More than half of children under two and nearly half of children aged three to five are not being read to every day at home. Shutterstock
The recently released NAPLAN 2017 results and findings from the latest Progress in International Reading Literacy Study (PIRLS) have got Australia talking again about how our children are faring when it comes to literacy.
We know from PIRLS, while most Australian children are meeting international benchmarks for reading at year 4, nearly one in five are not meeting these benchmarks. Australia has one of the largest proportions of students who fall below the “intermediate” benchmark into the “low” or “below low” categories, compared to other English-speaking countries, including the US, Canada, and England.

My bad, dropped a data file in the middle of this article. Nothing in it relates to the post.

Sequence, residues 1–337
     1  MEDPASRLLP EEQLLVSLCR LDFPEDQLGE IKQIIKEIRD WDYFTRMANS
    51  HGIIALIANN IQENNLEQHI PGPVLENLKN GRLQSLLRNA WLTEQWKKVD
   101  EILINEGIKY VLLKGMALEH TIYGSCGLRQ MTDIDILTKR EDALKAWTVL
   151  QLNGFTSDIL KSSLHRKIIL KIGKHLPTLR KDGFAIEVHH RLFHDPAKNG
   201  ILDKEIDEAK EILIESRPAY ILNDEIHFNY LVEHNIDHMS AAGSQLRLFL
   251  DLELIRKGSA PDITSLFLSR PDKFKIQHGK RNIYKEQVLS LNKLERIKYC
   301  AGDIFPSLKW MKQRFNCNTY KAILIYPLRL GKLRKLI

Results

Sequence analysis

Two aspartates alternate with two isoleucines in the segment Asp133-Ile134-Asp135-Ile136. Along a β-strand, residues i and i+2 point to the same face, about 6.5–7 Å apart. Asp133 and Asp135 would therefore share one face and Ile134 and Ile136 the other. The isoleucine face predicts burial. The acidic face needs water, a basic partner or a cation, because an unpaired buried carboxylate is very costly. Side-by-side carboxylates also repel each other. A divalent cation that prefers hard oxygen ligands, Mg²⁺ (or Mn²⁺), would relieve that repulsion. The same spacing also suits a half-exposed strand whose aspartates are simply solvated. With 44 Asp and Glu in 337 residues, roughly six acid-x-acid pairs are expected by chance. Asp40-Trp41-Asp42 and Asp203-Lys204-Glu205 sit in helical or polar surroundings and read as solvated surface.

Despite the range of steps that have been taken to address literacy levels across Australia, a large proportion of children are still not meeting international standards for reading. So what other approaches could we try?